Evaluate managers and senior leadership on their actions to address structural inequalities. Career advancement should require leaders to demonstrate their efforts to transform systemic inequities, not only assess their verbal commitment to diversity and inclusion. Do not make the mistake of setting diversity quotas or putting people of colour on the spot to educate their white colleagues or represent their communities. In our industry, we pride ourselves on being able to monitor and evaluate complex issues, so quantifying managers’ meaningful behaviours to support systemic changes should be no different.
Lauren Reese (The New Humanitarian, 17 June).

Time to dismantle racism in international development
Breaking the white gaze in international development involves questioning whose expertise we value, who we listen to, who holds the levers of power and who gets a vote. It involves interrogating the extent to which we appreciate the expertise of black people in our work, including how we work with and centre diaspora communities in development work to recognise these communities have the expertise we should start with.
It also requires dismantling the ways we construct the communities we work in as “other”, i.e. places overseas with problems and needs, rather than places where solutions are generated and capabilities are in place. And most importantly, it involves transforming power structures so that those holding a seat of power start to look more like the communities where the work is taking place.
Lena Bheeroo, Leila Billing, Eliza-Helen Ampomah, Pontso Mafethe & Alan Lally-Francis (BOND, 17 June).

White Supremacy in Global Health
In the global health and human rights community, where I sit professionally, there’s been a lot of discussion in the last few years about decolonizing global health. What we don’t talk about explicitly enough, however, is how white supremacy operates in this sector. In many cases, we focus on diversity, equity and inclusion, mentorship, and funding strategies—which are all important. What we don’t talk about is how the structures and operations of our organizations are part of white supremacist culture. We don’t talk about how white people and those who center whiteness, including me, support policies and programs that perpetuate neo-colonialism. I say this even as a woman of color leading an organization with staff who speak multiple languages and come from different backgrounds. White supremacist culture is so powerful, and we are rewarded in so many ways for conforming to it, that we are sometimes blind to its influence.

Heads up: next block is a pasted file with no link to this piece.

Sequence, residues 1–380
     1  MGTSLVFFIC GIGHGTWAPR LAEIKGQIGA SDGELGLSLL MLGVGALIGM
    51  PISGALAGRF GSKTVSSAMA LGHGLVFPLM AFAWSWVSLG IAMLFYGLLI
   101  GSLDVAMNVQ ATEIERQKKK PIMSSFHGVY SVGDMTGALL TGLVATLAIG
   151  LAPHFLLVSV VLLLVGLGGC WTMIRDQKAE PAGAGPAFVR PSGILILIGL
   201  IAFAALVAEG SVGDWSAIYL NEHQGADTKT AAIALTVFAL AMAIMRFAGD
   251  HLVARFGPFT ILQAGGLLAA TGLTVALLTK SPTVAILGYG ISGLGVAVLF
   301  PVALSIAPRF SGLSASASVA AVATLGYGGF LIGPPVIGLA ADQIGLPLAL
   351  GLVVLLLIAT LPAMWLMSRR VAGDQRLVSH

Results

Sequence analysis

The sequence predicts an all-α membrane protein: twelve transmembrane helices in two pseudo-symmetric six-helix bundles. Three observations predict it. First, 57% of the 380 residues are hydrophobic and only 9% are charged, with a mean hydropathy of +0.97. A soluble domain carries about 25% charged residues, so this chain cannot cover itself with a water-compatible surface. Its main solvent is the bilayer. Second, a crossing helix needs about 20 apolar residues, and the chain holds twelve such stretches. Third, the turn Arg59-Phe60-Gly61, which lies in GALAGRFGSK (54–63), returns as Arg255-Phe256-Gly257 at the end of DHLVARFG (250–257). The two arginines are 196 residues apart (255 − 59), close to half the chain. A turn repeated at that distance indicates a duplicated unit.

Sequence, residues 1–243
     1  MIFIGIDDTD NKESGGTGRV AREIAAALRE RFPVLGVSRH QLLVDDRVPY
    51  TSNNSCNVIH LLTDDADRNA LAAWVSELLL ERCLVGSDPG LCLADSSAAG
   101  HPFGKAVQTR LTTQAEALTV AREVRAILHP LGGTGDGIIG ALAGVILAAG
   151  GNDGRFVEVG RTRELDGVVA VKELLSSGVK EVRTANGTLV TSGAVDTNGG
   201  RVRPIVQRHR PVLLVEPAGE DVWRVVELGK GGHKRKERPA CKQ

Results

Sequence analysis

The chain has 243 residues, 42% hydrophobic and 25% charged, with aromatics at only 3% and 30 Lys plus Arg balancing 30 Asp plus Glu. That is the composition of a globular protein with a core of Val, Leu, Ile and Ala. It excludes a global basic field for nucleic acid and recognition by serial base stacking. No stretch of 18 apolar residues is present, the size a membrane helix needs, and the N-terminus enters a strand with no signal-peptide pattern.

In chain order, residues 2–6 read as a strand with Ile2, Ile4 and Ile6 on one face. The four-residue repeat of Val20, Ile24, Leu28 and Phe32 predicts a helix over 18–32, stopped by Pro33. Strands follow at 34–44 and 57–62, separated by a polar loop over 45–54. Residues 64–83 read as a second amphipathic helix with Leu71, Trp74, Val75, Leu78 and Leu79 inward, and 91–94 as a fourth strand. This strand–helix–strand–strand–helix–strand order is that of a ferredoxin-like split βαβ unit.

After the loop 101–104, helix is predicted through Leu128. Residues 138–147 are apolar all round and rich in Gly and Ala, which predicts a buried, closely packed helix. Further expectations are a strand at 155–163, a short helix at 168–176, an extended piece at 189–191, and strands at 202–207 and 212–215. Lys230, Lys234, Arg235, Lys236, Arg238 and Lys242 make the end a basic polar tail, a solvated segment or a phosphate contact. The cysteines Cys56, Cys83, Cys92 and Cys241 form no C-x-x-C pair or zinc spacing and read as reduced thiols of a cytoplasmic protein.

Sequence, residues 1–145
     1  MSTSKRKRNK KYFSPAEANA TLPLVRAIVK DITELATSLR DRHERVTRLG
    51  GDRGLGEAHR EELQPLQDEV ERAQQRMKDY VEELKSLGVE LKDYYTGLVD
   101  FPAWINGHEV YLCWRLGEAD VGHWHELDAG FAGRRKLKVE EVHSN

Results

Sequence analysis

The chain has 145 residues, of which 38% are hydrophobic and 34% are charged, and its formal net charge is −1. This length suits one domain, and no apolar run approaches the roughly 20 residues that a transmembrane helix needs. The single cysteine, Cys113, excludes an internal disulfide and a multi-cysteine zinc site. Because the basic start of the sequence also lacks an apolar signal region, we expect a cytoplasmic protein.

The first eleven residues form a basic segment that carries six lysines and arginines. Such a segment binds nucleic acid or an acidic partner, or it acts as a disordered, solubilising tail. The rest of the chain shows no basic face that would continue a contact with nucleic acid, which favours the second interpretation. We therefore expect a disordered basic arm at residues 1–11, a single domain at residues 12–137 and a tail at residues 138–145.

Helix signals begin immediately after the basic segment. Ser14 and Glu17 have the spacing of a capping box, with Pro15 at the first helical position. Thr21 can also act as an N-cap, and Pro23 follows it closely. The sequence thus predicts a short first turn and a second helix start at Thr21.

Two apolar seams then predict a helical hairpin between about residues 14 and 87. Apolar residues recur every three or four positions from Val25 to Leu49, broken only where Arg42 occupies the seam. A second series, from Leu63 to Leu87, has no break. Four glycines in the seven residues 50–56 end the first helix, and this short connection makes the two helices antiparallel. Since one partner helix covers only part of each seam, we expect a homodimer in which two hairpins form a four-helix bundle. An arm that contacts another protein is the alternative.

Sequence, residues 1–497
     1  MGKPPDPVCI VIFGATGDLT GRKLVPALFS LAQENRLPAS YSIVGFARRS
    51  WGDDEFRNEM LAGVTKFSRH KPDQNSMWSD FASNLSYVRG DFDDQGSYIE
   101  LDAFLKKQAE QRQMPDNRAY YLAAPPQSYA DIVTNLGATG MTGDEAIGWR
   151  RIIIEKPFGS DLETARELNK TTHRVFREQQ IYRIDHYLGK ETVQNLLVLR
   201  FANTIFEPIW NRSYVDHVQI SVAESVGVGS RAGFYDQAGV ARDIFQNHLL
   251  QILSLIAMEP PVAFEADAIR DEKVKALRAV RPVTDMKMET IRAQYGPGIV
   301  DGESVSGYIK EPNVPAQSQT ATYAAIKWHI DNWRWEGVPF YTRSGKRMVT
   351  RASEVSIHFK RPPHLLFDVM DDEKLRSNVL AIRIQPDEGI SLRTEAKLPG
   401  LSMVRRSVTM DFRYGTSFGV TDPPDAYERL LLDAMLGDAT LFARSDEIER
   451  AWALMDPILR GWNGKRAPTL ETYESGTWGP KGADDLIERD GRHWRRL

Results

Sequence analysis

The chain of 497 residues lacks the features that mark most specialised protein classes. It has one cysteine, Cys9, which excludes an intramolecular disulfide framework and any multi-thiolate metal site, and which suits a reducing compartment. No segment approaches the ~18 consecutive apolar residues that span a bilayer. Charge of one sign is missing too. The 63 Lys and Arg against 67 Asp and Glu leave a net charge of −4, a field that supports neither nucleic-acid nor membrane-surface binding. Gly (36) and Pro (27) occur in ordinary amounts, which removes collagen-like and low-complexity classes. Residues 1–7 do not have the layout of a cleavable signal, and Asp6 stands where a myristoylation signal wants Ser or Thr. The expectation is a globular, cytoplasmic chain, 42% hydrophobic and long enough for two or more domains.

Anu Kumar (Think Global Health, 18 June)

A Statement of Solidarity from the Leadership of Save the Children UK
We will test our supporter engagement programmes, looking at whether they build power in diaspora and Black communities and communities of colour, and whether our volunteering offer is inclusive.
We will ensure our people and culture work dramatically improves our diversity and inclusion at all levels of the organisation but particularly at our Executive Director and Director levels, where decision-making power is concentrated. We will set and publicise our June diversity baseline and publish our diversity data every six months. We will break down our data so that we can interrogate the intersections between different characteristics in terms of who joins, stays in, is promoted in our organisation. We will publish on our website our BAME pay gap and commit to narrowing it by the end of the year. We will formalise acting up and stretch opportunities and ensure transparent competition for them. We will introduce a specific leadership programme for communities who are under-represented in Save the Children as a whole, and in particular at leadership level, including Black people and people of colour, working class people and people with disabilities. We will ensure all of our policies and practices, particularly those relating to line management, create the conditions for racism and microaggressions to be raised and resolved.
Save The Children UK (19 June 2019).

Is COVID-19 magnifying colonial attitudes in global health?
“I took advantage of those moments of tokenism and turned them into opportunities for a meaningful engagement. That’s kind of the way I describe my decolonizing global health journey,” Guinto said, speaking from Manila where he works on planetary health.